From the mastermind behind Netflix's Kingdom, Kim Eun-Hee's Signal is an exhilarating series that seamlessly weaves together gripping crime thriller elements with an intriguing touch of supernatural. With its unique premise of a mysterious walkie-talkie that connects the past and the present, the show follows a team of detectives from different eras as they collaborate to solve cold cases and unravel the secrets behind unsolved crimes. The superb writing and exceptional performances by the cast, including Lee Je-hoon, Kim Hye-soo, and Cho Jin-Woong, have made Signal a major hit among K-Drama fans.
6 Best N/A Movies On Tubitv
Find the best movies rated N/A, as per MPAA rating standards. These recommendations are at the same time acclaimed by critics and highly-rated by users.
I can’t get a song out of my head from this movie: the 1985 UK hit Desire As from Prefab Sprout.
It plays when the two main characters, a sensitive kid who’s bullied by his school for not liking rugby, and the school’s rugby star; talk over the “Berlin Wall” that separates their dorm room.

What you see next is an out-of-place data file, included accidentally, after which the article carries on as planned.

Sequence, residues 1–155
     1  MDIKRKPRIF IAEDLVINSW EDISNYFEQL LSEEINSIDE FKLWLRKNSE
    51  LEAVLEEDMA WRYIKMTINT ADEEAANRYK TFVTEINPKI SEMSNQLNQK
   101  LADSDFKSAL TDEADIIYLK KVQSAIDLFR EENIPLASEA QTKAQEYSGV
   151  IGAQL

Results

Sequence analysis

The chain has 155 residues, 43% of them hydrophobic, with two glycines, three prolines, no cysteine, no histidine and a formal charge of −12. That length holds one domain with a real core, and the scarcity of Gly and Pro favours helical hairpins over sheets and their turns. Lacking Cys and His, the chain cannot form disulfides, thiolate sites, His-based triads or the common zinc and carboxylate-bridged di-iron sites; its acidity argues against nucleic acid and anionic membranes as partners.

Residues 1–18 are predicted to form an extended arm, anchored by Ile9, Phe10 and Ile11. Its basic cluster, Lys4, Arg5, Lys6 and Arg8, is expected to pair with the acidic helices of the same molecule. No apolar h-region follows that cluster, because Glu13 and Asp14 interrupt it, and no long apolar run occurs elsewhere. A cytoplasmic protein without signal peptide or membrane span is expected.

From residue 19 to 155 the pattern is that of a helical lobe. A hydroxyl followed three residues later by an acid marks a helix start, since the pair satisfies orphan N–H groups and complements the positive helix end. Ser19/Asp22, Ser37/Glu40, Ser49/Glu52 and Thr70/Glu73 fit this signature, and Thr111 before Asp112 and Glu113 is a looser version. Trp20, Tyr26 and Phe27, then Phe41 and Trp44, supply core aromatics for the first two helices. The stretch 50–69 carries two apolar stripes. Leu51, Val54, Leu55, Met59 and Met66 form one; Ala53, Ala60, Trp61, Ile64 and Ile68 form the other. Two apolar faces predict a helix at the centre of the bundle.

The song echoes “It's perfect as it stands, so why then crush it in your perfect hands?”. These two seemingly incompatible personalities form a friendship that comes under threat from their school’s traditional authority, especially as one of them is revealed to be gay.
It might seem like a tough premise, but Handsome Devil is actually a comedy. It’s a sweet and easy coming-of-age comedy.
This drama is about two friends attempting to rave in 1994 Scotland, after a recent Thatcher-era law banned the act and all music “characterized by the emission of a succession of repetitive beats”.
Johnno and Spanner, one living in fear of his older brother and the other of his stepfather, want to turn things around by joining their first and probably last rave. They’re introduced to the world of illegal parties, a movement as influential as punk, that in the 1990s was born in reaction to the U.K.’s oppressive policies.
Richard Wershe, Jr. was arrested for carrying eight kilos of cocaine in 1988, when he was just 17. He went on to become one of Michigan’s longest-serving non-violent juvenile drug offenders, dubbed by the press as White Boy Rick. His fate was sealed by Michigan law that had just been passed, which stated that anyone found with more than 650 grams of drugs had to be sentenced to mandatory life.
Featuring interviews with drug lords, journalists, as well as Rick’s mother and attorney, this documentary — along with the follow-up Hollywood biopic, White Boy Rick, starring Matthew McConaughey— provides an insightful account into his tragic story.